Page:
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November 5, 2007   •   VOL. 45, NO. 19   •   Oakland, CA
News in Brief



Husband is beatified
Franziska Jagerstatter, the 94-year-old widow of Blessed Franz Jagerstatter, attends her husband’s beatification ceremony at St. Mary’s Cathedral in Linz, Austria, Oct. 26. The Austrian farmer (right) was beheaded Aug. 9, 1943, for refusing to serve in the Nazi army. He was beatified as a martyr.

Spanish martyrs
Spanish students hold portraits of clergy members killed during the 1936-39 Spanish Civil War. during the Oct. 28 beatification ceremony at the Vatican for 498 Spanish martyrs.


Christmas stamp
At the National Gallery of Art in Washington, Postmaster Yverne Pat Moore unveils the 2007 Christmas stamp, which features Bernardino Luini’s “The Madonna of the Carnation.” The theme of each traditional U.S. Christmas stamp issued since 1978 has been the Madonna and Child.


Miller apologizes for parody of ‘Last Supper’
SAN FRANCISCO (CNS) — Milwaukee-based Miller Brewing Co. has issued a formal apology for “the offense caused by the use of Miller brand logos on a poster promoting the Folsom Street Fair in San Francisco with an irreverent take on Leonardo da Vinci’s “The Last Supper.”
In an Oct. 26 statement the company said it completed “an exhaustive audit of its marketing procedures for approving local marketing and sales sponsorships” and will tighten “compliance procedures” to ensure such an incident will not happen again.

The New York-based Catholic League for Religious and Civil Rights and other Christian groups expressed outrage over the poster, which had what critics described as a sadomasochistic theme. It carried the Miller trademark as well as those of other sponsors of the Sept. 30 event.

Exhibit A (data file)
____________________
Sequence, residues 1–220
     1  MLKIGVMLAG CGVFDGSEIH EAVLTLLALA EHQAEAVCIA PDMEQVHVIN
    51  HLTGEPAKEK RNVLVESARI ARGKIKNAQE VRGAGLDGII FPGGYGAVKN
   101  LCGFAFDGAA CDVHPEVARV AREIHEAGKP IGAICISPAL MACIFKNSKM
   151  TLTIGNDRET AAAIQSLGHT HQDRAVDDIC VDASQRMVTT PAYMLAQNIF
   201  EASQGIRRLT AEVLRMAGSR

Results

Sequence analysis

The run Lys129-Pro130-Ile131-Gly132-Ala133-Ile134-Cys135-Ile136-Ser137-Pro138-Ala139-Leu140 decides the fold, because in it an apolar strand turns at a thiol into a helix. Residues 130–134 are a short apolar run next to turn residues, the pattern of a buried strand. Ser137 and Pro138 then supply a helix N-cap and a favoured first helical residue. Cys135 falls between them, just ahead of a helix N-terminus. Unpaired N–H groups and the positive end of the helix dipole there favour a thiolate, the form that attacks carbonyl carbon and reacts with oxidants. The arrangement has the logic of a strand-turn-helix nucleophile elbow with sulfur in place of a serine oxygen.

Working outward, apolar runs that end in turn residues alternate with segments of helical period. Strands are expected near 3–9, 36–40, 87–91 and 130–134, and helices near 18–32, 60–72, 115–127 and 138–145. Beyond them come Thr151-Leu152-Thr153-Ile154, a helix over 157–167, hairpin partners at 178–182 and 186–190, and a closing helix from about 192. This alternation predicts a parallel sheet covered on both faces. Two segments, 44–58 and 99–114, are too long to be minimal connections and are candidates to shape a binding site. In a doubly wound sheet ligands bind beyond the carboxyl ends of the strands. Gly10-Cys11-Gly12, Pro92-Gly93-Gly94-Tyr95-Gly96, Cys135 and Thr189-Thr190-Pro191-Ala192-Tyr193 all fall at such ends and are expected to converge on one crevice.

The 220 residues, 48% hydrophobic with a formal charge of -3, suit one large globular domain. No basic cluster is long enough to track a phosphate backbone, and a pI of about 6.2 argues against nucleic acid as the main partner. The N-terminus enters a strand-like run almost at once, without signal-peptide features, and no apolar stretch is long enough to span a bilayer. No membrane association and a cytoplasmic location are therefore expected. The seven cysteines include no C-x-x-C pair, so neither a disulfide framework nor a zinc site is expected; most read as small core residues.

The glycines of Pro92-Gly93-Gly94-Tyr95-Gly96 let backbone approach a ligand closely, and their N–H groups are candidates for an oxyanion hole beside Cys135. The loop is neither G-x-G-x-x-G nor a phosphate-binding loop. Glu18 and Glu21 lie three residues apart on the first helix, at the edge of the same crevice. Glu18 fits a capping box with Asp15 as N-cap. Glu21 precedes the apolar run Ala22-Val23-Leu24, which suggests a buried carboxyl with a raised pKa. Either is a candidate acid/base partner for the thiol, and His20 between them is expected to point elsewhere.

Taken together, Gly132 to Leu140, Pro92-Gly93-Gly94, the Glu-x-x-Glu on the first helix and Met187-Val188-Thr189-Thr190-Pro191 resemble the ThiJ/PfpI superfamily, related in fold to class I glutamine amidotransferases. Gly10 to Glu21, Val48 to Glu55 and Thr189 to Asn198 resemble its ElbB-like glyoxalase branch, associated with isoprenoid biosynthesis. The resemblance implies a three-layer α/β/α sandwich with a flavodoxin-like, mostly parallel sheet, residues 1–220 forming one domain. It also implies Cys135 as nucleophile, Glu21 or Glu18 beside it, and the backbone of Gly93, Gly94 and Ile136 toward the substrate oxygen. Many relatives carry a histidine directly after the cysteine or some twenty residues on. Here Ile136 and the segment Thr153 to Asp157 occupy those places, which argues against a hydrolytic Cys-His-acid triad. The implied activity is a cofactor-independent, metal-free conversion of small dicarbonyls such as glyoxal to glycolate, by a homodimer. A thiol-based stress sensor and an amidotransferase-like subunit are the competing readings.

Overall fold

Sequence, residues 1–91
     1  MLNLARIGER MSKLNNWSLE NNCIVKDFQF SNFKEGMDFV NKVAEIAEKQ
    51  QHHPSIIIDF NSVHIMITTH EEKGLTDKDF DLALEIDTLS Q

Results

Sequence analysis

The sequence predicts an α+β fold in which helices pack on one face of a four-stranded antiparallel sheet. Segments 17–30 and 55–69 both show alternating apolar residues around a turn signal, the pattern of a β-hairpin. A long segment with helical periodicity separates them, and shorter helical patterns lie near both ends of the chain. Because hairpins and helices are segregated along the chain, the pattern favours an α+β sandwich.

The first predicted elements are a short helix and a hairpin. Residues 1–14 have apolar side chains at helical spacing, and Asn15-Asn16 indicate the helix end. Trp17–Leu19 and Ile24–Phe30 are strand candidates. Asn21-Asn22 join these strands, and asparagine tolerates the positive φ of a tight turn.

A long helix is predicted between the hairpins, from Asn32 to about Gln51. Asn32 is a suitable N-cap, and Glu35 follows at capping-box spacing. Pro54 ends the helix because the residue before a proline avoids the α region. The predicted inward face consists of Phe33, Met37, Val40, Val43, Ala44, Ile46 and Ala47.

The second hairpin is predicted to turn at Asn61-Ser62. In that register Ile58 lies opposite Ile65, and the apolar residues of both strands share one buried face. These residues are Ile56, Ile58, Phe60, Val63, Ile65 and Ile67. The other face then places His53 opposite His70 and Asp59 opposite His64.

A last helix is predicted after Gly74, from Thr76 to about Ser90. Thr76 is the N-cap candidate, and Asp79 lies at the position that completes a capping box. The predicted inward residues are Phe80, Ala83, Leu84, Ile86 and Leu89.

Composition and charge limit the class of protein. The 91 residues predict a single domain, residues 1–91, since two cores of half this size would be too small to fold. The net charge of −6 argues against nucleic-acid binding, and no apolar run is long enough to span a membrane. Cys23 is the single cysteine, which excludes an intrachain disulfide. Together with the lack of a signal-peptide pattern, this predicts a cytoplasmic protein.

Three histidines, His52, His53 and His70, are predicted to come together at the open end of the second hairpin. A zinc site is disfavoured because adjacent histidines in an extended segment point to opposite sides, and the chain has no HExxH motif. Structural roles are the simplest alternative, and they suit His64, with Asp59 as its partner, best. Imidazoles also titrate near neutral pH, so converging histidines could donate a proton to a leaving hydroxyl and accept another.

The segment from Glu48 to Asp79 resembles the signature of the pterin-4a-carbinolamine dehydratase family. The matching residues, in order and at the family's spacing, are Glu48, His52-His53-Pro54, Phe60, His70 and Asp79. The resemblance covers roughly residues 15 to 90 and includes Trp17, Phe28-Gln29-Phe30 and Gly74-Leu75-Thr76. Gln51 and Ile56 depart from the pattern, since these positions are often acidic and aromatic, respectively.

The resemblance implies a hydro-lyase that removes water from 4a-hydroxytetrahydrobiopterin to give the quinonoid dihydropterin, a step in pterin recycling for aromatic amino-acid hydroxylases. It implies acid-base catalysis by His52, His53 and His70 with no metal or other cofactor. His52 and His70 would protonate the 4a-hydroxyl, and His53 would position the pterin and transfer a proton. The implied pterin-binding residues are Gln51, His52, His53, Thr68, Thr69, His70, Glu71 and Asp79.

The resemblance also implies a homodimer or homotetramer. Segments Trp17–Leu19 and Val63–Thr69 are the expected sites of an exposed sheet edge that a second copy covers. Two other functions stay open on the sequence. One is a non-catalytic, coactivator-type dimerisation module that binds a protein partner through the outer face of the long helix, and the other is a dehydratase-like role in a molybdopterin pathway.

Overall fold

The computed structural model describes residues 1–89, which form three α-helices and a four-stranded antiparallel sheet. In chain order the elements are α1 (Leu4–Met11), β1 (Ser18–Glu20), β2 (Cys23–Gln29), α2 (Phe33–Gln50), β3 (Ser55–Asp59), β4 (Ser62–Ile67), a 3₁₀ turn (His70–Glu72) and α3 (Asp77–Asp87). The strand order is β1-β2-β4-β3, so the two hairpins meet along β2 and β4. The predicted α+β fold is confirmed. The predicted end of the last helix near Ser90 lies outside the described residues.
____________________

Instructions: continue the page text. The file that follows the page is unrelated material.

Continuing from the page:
A center figure in the poster is a muscled, shirtless man flanked by men and women in leather fetishistic garb, some in flowing wigs and in poses echoing da Vinci’s mural. The table is strewn with sex toys.

Pharmacists asked to tell moral implications of drugs
VATICAN CITY (CNS) — Pharmacists must be teachers who not only instruct patients on the proper use of their medications, but also on the potential moral implications of taking certain drugs, Pope Benedict XVI said during the International Congress of Catholic Pharmacists.
As intermediaries between doctors and patients, pharmacists have an educational role in helping patients take their drugs correctly, “and, especially, in raising awareness about the ethical implications of the use of certain medications,” the pope said.

“In this area, it is not possible to anesthetize consciences, for example, about the effects of (a drug’s) molecules to prevent the implantation of an embryo or to shorten a person’s life,” he said.
Pope Benedict told the pharmacists that they must do their part to protect every individual from the moment of conception to natural death and to ensure that drugs are used only to benefit health.

Giuliani criticized for hiring accused priest
NEW YORK (CNS) — Republican presidential candidate Rudy Giuliani has been criticized by members of the Survivors’ Network of those Abused by Priests for employing on the staff of his consulting firm Msgr. Alan Placa of the Rockville Centre Diocese. Giuliani has said he has “great confidence” in the priest, a friend of his for more than 35 years. Rockville Centre diocesan spokesman Sean Dolan told Catholic News Service that since June 2002 the diocese has asked Msgr. Placa to refrain from exercising his priestly ministry publicly, “pending completion of a canonical investigation of as yet unproven allegations” against him.

Anglicans seek admission to Catholic Church